One of my favorite photos of Steve Jobs is an image taken in 1982. Jobs is sitting in his sparsely furnished living room, surrounded by a lamp and a stereo. Although you don’t have to get that minimal when you are starting a company, you should consider how you can live with less. This can mean different things for different people. Maybe you can learn to live with less dinners out, or less yearly vacations.
In my case, we decided to live with less possessions. Our tiny dinner table doubles as my desk. We gave away unnecessary furniture, outdated clothes, and I even sold my triathlon bike. While we can live with less “stuff,” we decided to keep a few dinners out per week just for sanity’s sake. Maybe it’s the opposite for you.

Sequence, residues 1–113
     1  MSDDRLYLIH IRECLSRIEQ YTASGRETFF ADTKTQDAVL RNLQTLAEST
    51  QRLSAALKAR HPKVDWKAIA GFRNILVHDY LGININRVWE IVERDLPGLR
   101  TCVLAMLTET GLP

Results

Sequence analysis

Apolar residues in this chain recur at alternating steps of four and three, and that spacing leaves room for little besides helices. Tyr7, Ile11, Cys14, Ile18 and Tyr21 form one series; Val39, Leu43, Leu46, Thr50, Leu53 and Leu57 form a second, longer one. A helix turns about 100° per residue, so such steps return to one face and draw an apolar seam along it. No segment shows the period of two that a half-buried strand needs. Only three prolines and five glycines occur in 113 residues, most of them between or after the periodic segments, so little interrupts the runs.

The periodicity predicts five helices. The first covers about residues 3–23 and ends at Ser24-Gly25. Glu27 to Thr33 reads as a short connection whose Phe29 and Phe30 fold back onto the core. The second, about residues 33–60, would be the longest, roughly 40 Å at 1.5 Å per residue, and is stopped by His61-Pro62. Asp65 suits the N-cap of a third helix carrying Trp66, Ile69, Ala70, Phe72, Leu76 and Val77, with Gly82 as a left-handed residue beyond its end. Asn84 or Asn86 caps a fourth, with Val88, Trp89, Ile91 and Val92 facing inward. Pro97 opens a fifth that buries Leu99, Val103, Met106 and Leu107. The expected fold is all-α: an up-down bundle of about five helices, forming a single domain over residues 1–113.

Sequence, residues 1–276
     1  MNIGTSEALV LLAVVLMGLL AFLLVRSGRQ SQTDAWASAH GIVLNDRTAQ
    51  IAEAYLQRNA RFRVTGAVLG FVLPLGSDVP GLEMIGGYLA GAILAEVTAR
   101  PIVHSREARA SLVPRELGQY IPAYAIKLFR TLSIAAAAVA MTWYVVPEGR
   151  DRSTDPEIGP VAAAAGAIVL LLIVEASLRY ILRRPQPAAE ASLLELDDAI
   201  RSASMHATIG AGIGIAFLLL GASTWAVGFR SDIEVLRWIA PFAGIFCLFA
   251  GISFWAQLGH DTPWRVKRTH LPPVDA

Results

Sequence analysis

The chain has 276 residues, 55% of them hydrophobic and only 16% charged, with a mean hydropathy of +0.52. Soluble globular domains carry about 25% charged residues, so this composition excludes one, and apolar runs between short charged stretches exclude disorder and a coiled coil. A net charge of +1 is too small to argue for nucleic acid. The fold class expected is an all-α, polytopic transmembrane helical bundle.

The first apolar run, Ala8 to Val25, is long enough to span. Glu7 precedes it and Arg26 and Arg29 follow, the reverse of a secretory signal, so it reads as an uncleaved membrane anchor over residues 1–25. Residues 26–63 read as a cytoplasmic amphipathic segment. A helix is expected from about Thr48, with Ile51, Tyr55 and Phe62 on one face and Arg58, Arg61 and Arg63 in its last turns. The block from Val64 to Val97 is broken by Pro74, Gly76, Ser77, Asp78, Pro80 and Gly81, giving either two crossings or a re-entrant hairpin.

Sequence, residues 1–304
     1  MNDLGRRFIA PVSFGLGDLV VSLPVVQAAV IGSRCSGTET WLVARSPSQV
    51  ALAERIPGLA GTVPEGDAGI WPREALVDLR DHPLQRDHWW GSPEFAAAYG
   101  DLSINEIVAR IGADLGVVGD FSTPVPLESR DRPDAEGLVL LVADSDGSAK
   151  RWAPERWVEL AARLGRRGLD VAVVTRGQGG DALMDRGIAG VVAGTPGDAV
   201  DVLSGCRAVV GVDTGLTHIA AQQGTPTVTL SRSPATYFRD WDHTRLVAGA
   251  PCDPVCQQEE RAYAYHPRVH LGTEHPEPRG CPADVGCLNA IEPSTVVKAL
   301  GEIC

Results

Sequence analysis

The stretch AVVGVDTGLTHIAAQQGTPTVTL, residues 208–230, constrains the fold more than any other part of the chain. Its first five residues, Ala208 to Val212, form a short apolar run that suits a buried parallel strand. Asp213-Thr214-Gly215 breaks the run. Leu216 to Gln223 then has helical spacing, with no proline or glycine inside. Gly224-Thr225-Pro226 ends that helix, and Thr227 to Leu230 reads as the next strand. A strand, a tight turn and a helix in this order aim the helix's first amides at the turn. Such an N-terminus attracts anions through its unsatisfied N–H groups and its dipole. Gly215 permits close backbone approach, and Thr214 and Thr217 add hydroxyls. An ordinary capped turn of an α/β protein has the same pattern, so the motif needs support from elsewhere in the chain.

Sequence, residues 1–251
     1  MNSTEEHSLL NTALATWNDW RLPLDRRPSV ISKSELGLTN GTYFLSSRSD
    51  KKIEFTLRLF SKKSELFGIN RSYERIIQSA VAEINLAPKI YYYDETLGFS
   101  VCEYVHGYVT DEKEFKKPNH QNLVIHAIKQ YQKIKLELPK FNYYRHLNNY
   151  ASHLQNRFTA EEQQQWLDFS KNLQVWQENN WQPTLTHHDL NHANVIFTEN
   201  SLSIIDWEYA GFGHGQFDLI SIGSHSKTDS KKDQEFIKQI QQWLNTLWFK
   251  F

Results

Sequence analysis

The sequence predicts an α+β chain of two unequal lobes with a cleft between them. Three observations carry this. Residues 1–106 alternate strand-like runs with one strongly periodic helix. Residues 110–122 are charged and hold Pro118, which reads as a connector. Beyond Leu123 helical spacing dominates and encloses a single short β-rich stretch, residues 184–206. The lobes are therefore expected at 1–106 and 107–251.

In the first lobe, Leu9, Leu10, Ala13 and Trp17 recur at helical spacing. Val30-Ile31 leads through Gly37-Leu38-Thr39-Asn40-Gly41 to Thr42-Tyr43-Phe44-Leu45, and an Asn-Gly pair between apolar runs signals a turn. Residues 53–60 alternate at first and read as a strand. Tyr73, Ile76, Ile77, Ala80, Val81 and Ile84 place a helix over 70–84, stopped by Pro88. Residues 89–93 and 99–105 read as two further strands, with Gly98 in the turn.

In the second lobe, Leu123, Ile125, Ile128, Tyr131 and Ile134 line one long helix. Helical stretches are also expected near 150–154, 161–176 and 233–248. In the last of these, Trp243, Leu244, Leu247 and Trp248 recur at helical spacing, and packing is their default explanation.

There is a concept in Zen Buddhism called “the empty cup.” Think of the cup as your life. When a cup is full, there is no space for anything new to enter the cup. By making space in your life, you’ll be able to fill it with the new obligations that come with founding a company.
This one is obvious, but it can be the hardest to actually do. There is nothing that will lower the anxiety of leaving your full-time job like having money saved in the bank. Start saving as soon as you think you might want to leave your job. Don’t wait until you have decided to leave for sure. This will give you enough time to save, and you’ll be putting money in the bank consistently.
Cut unnecessary expenses.
No matter how frugal you think you live now, there is always room to cut more. Look for hidden expenses in your daily life that could be siphoning off your bank account. The two smallest and most consistent money sinkholes are atm fees and monthly subscription fees that you have forgotten about.